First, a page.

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Winnipeg lawsuit seeks billions of dollars for failed plan to manufacture COVID-19 vaccine in Manitoba

An American company that manufactures vaccines is being sued in Winnipeg for billions of dollars following a failed plan to produce a COVID-19 vaccine supply in Manitoba during the pandemic.

Alberta vaccine company Providence Therapeutics Holdings contacted U.S.-based Emergent BioSolutions in January 2021 about producing tens of millions of doses of a COVID-19 vaccine developed by Providence.

The vaccine was to be made at a facility in Winnipeg operated by Emergent’s affiliated Canadian company, Emergent BioSolutions (Canada). 

In a lawsuit filed at Manitoba Court of King’s Bench in Winnipeg on June 13, Providence alleges Emergent made numerous misrepresentations to secure the work of developing and manufacturing the COVID-19 vaccine.

Providence is seeking damages in the billions of dollars from Emergent: $1.012 billion US for misrepresentation, the same amount for negligence, and again that amount for breach of an agreement.

The statement of claim also seeks $12 million US from Emergent in restitution for unjust enrichment from payments made by Providence to Emergent for work that was not properly concluded.

The lawsuit alleges Providence would have received “substantial financial benefit” from commercial development of its vaccine, had the plan gone ahead.

A sign made of rock has the words 'emergent biosolutions' written in red with an arc above it and snow on the ground in front.
A sign outside the Emergent BioSolutions site in Winnipeg is pictured on Feb. 11, 2021. Emergent is being sued by Providence Therapeutics Holdings after a plan for commercial production of COVID-19 vaccine in Winnipeg didn’t proceed. (Gary Solilak/CBC)

In February 2021, then Manitoba premier Brian Pallister announced the province would buy two million doses of COVID-19 vaccine from Providence Therapeutics, on the condition it would be approved for use in Canada.

At the time, Pallister said the poor availability of vaccines from the federal government was a limiting factor in getting Manitoba’s population immunized.

In the lawsuit, Providence now alleges Emergent Canada’s existing facility in Winnipeg could not accommodate “the work required to produce the commercial volumes of the PTX COVID-19 Vaccine.”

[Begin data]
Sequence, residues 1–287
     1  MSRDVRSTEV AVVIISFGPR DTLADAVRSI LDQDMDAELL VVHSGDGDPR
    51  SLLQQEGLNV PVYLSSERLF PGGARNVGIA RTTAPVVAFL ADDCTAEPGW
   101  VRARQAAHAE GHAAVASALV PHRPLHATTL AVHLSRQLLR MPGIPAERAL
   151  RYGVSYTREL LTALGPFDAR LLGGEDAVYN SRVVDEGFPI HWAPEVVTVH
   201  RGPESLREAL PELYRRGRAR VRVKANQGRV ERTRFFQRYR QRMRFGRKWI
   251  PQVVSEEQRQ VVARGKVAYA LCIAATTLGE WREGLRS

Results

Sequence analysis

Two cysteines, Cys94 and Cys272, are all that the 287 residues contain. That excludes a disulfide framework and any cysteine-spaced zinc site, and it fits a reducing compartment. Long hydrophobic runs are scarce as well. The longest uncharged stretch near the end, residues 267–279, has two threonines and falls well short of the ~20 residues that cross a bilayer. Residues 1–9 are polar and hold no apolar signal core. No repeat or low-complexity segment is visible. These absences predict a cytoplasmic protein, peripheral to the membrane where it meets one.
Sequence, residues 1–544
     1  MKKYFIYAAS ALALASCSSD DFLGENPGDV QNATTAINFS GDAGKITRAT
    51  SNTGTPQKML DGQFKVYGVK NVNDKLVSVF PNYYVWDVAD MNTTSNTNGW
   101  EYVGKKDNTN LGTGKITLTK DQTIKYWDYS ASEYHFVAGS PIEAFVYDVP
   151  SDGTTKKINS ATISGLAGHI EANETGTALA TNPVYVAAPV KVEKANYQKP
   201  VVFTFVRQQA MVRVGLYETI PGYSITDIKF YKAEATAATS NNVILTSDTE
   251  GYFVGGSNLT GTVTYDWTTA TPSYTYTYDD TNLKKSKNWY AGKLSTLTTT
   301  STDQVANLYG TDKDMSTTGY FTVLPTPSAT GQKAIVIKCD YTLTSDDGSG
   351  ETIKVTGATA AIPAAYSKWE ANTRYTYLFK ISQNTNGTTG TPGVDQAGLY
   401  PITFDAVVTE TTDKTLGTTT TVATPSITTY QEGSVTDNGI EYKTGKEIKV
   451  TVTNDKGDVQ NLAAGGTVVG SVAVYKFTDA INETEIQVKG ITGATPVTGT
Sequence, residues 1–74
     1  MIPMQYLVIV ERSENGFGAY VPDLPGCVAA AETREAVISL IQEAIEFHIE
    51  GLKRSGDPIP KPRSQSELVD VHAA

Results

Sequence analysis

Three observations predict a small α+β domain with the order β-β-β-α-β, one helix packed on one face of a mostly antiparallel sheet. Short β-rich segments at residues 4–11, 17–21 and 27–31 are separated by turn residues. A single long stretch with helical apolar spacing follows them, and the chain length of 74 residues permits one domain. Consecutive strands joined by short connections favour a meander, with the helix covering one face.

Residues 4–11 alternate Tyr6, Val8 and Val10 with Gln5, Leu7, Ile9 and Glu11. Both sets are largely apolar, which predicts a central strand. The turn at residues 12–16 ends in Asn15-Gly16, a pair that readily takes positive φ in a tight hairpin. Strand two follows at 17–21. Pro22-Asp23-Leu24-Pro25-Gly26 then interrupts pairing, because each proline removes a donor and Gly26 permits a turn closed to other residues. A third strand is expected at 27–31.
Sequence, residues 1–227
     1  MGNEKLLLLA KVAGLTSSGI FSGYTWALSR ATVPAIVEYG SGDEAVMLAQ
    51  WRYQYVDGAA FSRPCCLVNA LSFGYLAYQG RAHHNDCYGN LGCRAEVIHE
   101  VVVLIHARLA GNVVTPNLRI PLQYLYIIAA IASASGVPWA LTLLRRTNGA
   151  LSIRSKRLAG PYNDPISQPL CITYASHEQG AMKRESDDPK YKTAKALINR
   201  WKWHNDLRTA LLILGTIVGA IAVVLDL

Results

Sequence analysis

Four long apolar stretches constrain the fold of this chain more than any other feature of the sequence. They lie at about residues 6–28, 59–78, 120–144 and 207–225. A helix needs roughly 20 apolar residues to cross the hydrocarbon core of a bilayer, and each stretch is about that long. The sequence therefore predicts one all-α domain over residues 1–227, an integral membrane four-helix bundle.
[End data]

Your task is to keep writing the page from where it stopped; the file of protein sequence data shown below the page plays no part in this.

It says Emergent was not “highly competent” in commercial development of mRNA vaccines, that it did not have reliable manufacturing capabilities for the vaccines, and it lacked capacity and equipment in the Winnipeg facility.

Employees of Emergent were not properly trained to do the work needed for commercial development of the vaccine, and there were not enough employees to carry out the work for 24 hours a day, the lawsuit alleges.

“Emergent Canada and Emergent, whether negligently, deliberately or as a result of gross negligence or otherwise, were never able to produce a manufacturing process and were never able to deliver commercial batches during the entire term” of the agreement with Providence, the court document alleges.

“Emergent’s failure to develop the manufacturing process and reasonably and efficiently progress the work of manufacturing the commercial volumes was at all times negligent and a breach of the standard of care expected,” the claim says.

It also says Providence provided the Emergent companies with “extensive proprietary information” for its processes used in developing clinical batches of its COVID-19 vaccine.

“Emergent has previously made and continues to make use of the Providence know-how to advance its own business interests including to develop mRNA products for customers other than Providence,” the lawsuit alleges.

The result was “profits improperly gained by Emergent,” the claim alleges.

CBC contacted Emergent, which is based in Maryland, and a spokesperson said the company had not yet been served with the statement of claim.

The Calgary lawyer for the plaintiff, Providence Therapeutic Holdings, declined to comment on the lawsuit.

The court document says Providence, throughout its involvement with Emergent, was involved in “ongoing efforts to seek final regulatory approval” of its COVID-19 vaccine. 

Providence lost the ability to achieve a “streamlined regulatory approval” that was available only until the end of 2022, the claim alleges, which meant Providence “lost the highly valuable opportunity” to deliver its vaccine to market in 2021 or 2022.

The lawsuit alleges Emergent was negligent in not being able to do accurate inspections of PTX COVID-19 vaccine vials, and in an inability to identify solutions when there were deviations in test batches of the vaccine.

It alleges Emergent failed to “conduct a reasonable number of test batches” in order to develop the manufacturing process.

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